Medical professionals want to see more eye donors - DO NOT USE

Medical professionals want to see more eye donors - DO NOT USE

Each year hundreds of New Zealanders need a corneal transplant to restore their vision and prevent blindness.

Their only hope is the gift of sight given by a donor and their family, but there's currently a real shortage of eye donors.

Mary Flett owes her sight to the generosity of unknown donors and says since having an operation on her eyes life has taken on a new perspective.

"It changed it completely," says Ms Flett. "I painted the house, I wallpapered the house, I do the garden, ice a few cakes."

Ms Flett has a disease of the corneas. She has needed both replaced several times. The last, a graft on her right eye, took place a few weeks ago.

"I feel very blessed that somebody has donated their eye to help me see."

Professor Charles McGhee carried out her surgery and says it's healing nicely. She was lucky to get in - a shortage of donated eyes has left him cancelling operations.

"I think people are very squeamish about thinking that if someone has died and it's their loved one and they're obviously going to be very upset and bereaved, 'oh they're now going to be disfigured' but when you remove the eyes and the eyes are closed it does not look any different," says Prof McGhee.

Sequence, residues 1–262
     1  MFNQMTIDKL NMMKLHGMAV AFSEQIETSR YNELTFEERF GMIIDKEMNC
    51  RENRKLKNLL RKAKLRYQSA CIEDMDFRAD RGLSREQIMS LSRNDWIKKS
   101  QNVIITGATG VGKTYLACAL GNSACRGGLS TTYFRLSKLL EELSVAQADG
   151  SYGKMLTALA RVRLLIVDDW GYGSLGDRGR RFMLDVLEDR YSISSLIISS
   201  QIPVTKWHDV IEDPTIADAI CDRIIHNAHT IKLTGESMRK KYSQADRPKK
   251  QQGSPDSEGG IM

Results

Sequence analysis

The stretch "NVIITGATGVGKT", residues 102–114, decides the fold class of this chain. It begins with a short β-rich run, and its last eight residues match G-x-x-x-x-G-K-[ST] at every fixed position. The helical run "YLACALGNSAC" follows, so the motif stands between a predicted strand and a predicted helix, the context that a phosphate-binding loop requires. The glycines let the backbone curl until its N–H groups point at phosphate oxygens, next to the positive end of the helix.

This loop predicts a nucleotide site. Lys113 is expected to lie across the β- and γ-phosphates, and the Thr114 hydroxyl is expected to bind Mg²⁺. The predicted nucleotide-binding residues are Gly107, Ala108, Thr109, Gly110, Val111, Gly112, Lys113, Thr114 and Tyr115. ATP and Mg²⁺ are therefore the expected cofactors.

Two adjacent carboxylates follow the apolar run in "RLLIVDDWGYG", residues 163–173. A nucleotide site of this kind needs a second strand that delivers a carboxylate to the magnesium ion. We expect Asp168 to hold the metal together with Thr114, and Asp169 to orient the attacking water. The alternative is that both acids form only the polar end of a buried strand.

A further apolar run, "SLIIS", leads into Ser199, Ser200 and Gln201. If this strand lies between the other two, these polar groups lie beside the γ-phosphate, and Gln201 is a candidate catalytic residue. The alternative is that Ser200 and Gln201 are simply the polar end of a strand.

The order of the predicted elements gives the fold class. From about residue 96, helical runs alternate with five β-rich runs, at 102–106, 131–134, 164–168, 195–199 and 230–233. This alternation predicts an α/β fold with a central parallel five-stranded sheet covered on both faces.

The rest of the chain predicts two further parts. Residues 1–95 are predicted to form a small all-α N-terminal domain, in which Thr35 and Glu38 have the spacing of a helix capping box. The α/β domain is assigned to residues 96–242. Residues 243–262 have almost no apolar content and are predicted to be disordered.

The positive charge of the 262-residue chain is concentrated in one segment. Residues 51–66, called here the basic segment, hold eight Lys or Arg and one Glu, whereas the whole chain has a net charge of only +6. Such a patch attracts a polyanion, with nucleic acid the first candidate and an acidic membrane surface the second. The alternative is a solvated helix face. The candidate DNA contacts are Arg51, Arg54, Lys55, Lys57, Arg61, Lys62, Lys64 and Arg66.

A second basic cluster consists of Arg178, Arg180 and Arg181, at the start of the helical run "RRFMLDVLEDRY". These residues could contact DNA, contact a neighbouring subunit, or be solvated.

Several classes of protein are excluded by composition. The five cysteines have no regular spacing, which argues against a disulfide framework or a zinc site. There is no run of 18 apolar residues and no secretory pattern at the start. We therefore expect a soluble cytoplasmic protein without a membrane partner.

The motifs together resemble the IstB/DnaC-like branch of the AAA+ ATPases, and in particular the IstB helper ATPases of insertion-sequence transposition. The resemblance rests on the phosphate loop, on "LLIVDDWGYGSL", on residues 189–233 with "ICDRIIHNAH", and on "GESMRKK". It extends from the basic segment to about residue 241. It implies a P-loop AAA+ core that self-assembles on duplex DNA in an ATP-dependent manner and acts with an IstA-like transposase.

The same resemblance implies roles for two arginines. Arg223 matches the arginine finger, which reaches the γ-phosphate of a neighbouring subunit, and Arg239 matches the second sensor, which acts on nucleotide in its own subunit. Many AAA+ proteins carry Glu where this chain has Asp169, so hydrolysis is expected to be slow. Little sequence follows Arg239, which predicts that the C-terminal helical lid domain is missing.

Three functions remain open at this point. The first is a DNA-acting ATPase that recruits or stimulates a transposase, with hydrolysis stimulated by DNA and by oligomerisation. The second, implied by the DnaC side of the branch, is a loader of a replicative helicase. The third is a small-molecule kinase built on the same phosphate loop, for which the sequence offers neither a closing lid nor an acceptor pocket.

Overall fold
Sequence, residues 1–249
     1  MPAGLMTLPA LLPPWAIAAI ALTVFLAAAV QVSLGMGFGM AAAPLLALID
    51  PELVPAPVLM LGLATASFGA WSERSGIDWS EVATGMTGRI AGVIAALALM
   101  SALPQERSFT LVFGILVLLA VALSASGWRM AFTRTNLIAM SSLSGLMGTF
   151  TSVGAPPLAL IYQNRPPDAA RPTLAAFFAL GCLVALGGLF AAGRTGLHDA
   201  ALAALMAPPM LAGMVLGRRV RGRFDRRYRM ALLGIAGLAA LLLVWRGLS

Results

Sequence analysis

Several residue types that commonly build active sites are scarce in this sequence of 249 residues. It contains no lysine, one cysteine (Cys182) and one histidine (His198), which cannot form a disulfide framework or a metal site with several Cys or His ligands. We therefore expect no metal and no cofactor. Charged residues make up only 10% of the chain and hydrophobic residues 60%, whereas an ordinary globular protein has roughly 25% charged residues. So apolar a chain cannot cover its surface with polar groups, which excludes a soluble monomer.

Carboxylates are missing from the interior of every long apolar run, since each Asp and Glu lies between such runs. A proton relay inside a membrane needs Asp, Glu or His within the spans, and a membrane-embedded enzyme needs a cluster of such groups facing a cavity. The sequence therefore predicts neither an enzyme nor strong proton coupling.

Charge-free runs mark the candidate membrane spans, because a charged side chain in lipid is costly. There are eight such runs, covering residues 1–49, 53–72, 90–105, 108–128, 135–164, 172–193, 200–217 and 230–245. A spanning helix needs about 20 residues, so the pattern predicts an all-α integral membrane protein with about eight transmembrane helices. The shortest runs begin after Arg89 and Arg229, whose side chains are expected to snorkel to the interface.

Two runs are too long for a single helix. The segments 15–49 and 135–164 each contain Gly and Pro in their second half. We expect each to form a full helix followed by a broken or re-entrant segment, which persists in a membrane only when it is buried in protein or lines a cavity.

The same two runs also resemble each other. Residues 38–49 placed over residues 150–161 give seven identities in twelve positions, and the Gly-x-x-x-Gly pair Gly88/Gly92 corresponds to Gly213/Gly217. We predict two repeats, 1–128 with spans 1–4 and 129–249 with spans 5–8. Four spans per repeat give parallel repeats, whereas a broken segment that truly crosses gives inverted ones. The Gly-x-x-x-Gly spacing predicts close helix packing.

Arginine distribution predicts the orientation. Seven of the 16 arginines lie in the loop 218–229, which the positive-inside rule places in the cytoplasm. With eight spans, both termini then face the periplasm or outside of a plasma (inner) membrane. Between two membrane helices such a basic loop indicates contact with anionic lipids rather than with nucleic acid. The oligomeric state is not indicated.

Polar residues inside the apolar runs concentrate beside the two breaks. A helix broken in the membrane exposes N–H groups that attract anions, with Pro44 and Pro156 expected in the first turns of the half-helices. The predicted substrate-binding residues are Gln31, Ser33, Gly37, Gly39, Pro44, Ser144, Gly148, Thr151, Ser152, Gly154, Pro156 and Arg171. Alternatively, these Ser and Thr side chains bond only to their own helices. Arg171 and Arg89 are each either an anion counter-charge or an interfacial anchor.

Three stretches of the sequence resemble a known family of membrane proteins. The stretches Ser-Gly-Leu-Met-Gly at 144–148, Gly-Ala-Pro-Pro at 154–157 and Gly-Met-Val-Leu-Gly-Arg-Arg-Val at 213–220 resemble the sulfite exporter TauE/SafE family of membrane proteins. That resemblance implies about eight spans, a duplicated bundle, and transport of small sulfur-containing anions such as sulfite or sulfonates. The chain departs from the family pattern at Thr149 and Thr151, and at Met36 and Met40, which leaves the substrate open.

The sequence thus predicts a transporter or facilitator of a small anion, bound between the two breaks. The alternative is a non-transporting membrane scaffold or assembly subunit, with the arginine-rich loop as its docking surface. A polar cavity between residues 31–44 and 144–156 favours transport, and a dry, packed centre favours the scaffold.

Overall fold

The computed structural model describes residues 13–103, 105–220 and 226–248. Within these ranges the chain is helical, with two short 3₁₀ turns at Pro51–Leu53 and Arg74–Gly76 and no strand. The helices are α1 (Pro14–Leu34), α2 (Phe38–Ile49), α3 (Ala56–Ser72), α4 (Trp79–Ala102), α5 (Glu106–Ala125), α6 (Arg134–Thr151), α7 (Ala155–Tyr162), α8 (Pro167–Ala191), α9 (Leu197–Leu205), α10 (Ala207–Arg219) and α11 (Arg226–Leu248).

The cornea helps the eye to focus and replacing it is a simple, but delicate operation.

Louise Moffatt runs the country's only eye bank which is based at Auckland University.  All donated eyes are brought there to be stored, evaluated and sent out for transplants.

"We're required to supply about eight corneas a week," says Ms Moffatt. "The demand is higher than that so we need to supply more than one a day and that hasn't been happening in general terms."

A cornea can be kept for several weeks in storage. Sclera, the white part of the eye, can also be kept and used for reconstructive surgery. Up to four people can benefit from one donor.

"Many, many people in our countries can actually donate their corneas, they're suitable and that includes people with a lot of medical conditions," says Ms Moffatt.

And Prof McGhee agrees there needs to be more awareness.

"Technically, a number of people would be blind before we can get around to doing corneal transplants for them," he says.

And even though the work can be quite challenging, there's no doubt it's worth it.

"You make the blind see. I don't think that you can do any better than that."

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